I had been dying to go on the Train de Pignes (steam engine) for years, at least ten, but was told that the train is limited to Sunday only. Thoughts of jammed train cars with tourists is never part of my plan, and Monday offered a lesser crowd, primarily a window seat with a view.
I had to settle for a more modern train; the Chemin de Fer de Provence, a narrow-gauge rail, that runs during the week.
Entrevaux once a Roman town
Either train would promise adventure, and a scenic view of mountain valleys, and old train stations. There are several towns to explore and we chose Entrevaux, an impressive, picturesque, (Roman) town which overlooks the Var River. It’s not a cheap ride either – € 24.00 per person. If you are a student on a budget the bus is € 2.00.
We left at 9:25 am. The first 20 minutes of suburban Nice were boring, until I saw the steel-blue Var River, flowing downhill southeasterly, eventually empting up into the Mediterranean.
The river was alongside of the tracks most of the way, and as suburbia disappears, it is a wonderful addition to the wild scenery. A huge rabbit ran across the river bed too quickly for a picture. Granite sediments no doubt affect the water color because it doesn’t look real to me. After 75, minutes, 11 stops, tunnels and bridges, we arrived at Entravaux.
France defense against the Savoie invaders
The town is on the edge of the Alpes-de-Haute-Provence; a couple of miles inside France. Plenty of history here between the House of Savoy and France. A typical turbulent past of conquering and stealing.
Gateway to France…
Entrevaux has retained its fortified village. The roof tops appear dilapidated, yet the clock tower posted the correct time. You have to walk on an ancient draw-bridge, over the river, like entering a magic kingdom.
The streets are narrow and the buildings tall, and clean; many flower pots punctuate the area to give color and warmth. Looking up at the Citadel, I was pleased we were not in a rush, and that it was a self-guided tour.
This town offered unusual history and exercise, with spectacular views from a rocky peak that overlooks the village with views of olive trees and mountains in the distance. Fall could be awesome here…
Entrevaux is dominated by the Citadel that is accessible on a half-mile footpath built in the 12th century. It was steep and rugged, yet worth the effort. As you walk up-ward, you get the sense how this was built into the mountain top.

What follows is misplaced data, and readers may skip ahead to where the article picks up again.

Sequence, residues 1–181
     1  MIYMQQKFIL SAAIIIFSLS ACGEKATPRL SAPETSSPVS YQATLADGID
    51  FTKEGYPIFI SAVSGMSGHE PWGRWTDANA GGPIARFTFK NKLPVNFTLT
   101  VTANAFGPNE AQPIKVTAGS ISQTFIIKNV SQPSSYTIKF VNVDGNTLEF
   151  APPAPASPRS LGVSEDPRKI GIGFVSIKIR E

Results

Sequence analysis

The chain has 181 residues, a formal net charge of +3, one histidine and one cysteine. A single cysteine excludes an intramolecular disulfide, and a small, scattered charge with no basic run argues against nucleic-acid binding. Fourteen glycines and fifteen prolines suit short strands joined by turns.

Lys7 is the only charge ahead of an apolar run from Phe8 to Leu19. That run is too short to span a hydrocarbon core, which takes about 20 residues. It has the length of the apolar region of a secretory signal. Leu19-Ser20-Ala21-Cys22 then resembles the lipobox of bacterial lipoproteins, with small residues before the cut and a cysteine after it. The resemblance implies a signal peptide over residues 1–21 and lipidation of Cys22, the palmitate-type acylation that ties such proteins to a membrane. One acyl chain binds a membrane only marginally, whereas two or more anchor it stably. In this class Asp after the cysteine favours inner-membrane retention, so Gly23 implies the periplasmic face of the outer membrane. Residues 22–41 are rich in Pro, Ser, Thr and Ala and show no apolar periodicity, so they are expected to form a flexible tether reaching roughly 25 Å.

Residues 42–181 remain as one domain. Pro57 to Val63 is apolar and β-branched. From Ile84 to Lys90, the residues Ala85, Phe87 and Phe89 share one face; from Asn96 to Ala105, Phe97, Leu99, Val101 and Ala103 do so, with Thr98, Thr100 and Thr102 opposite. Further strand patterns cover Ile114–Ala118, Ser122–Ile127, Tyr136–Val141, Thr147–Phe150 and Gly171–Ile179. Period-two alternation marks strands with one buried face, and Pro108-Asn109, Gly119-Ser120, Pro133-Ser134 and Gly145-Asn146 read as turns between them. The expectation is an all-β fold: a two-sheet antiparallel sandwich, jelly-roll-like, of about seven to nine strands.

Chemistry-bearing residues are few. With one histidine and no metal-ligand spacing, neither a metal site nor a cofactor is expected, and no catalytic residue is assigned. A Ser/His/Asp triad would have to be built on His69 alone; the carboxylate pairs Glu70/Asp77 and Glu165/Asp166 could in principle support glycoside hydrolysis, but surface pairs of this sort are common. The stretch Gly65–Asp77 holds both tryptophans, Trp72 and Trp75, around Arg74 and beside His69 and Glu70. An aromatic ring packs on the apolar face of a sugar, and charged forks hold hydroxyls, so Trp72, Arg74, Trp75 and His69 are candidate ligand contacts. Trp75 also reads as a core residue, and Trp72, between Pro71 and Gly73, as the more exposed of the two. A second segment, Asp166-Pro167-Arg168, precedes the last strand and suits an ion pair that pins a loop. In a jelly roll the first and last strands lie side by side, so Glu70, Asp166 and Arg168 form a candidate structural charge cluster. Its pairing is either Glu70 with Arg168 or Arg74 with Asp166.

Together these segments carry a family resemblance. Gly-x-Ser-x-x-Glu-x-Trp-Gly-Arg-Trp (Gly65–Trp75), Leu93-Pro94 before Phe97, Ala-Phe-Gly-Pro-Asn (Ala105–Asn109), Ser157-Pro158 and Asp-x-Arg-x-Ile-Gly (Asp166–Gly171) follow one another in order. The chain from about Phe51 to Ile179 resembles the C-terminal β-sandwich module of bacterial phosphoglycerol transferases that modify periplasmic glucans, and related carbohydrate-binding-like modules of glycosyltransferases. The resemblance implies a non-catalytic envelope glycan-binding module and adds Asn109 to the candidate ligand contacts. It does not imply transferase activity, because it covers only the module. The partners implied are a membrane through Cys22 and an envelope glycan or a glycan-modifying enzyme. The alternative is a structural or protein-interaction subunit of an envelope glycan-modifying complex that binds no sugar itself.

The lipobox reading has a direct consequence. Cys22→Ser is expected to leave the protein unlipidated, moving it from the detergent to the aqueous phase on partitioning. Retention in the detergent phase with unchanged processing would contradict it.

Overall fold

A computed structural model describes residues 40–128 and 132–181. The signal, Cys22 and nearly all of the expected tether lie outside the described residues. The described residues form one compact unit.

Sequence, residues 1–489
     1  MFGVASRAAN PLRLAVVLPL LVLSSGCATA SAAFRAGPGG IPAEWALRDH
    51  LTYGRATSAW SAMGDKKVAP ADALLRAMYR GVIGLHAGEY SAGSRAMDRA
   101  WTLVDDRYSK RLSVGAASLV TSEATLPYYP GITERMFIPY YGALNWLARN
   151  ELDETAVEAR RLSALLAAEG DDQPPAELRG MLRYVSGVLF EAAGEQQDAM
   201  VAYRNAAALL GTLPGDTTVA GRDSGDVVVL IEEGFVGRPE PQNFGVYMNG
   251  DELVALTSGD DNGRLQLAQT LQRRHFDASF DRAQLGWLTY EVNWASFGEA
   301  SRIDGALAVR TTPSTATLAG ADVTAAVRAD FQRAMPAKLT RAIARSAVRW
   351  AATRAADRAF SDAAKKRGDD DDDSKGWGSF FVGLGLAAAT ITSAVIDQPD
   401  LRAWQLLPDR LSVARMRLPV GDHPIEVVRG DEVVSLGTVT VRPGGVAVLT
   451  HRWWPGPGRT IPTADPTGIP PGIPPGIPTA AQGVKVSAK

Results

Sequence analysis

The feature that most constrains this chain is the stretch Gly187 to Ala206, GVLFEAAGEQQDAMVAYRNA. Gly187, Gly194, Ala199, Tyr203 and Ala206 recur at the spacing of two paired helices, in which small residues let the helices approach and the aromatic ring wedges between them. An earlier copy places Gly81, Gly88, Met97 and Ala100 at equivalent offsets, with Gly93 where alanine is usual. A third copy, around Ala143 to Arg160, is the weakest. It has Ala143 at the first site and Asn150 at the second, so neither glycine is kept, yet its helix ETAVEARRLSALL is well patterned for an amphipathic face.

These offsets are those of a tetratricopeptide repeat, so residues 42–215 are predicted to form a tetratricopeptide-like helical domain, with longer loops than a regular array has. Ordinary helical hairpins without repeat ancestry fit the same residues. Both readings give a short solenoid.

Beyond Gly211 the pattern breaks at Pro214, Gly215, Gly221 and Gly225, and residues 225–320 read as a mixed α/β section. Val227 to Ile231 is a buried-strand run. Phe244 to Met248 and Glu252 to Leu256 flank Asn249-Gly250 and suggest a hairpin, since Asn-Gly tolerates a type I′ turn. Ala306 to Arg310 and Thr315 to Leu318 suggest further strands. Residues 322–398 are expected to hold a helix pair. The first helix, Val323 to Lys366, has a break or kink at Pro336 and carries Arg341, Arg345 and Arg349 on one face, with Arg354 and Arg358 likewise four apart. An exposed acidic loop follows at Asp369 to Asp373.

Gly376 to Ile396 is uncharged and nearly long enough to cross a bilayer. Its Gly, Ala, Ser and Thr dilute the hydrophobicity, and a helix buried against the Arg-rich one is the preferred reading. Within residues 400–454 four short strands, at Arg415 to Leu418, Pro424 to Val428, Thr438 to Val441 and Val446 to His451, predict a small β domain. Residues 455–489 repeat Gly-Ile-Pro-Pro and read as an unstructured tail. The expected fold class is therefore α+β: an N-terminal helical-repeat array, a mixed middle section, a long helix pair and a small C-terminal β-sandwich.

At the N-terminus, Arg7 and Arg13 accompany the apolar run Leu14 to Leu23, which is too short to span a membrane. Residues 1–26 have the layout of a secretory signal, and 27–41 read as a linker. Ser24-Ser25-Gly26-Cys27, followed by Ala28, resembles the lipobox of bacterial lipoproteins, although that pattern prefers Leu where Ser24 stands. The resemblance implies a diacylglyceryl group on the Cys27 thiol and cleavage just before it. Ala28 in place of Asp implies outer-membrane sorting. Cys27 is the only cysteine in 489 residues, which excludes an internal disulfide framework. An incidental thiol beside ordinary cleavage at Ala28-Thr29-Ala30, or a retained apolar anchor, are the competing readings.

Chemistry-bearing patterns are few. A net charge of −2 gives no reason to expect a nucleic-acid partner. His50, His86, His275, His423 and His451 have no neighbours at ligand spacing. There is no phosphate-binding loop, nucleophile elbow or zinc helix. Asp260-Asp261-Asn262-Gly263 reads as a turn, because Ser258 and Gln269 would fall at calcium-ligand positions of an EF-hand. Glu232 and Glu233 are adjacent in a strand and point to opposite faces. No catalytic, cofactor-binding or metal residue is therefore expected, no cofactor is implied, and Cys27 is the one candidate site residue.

It takes 25 minutes to walk up the zig-zag path, but for me, I made a few stops for photos, and to look out through the “loophole” in the ramparts.
Rather desolate, the fortress was used up until the beginning of the 20th century, and it served as a prison for German Officers during the WWI.
Some of the prison cells had views, but the built-in “stone shelf” bed, undoubtedly, was cold and uncomfortable, and appeared only about 5-feet long, consequently, too short to stretch out. We didn’t venture into the dungeons because they seemed too dark.
Built-in Prison bed
Above the prison was the top of the Citadel with a fantastic view of the valley.
For a jet fighter, the castle would be an easy target, but to the medieval warrior, almost certain death trying to scale its heights.
The town was so unique we decided to have lunch and stay longer; soak it all up and not rush. A little rain fell and we hid under the rampart gates, which gave us some protection on the way down.
The dark clouds were punctuated by blue skies, but the rainbows that we fully expected never materialized.
Port d’Italy – Entrevaux was once located on the border of France and Italy.
If you’ve been to a medieval town, they are usually similar in narrow streets. All have character and charm. Expect to find a few local artists, restaurants and cafes to enjoy. They make their living from tourists, so pick wisely.
We opted for the inside of the Auberge de Planet Restaurant, away from the rain and it didn’t disappoint us with a good choice of duck.
La Pain d’Epicerie – We visited this store and chatted with the owner, Helena. It was an opportunity to speak French and she was delighted. She toured us around her impeccable clean kitchen that she was very proud of.
We bought her chocolate cake, pain d’épice, which is famous here…it is unique and addictive and disappeared quickly that evening.
Helena was working on some bottled vinegar and we bought that too!
While resting and waiting for the 4:15 pm train for Nice, we enjoyed un café. Despite the drab weather it was satisfying to be in this medieval walled town. It was worth every breath, and every step.
In brief: We didn’t get to see the Cycle museum, flour mill or the olive mill. They are saved for another visit in October, I just might get on that Train de Pignes!
Several of us were right by these train tracks and the view to the left was totally a hoot! What do you call a row of VW vans? Maybe Vee-dub camp Fest…or surf’s up!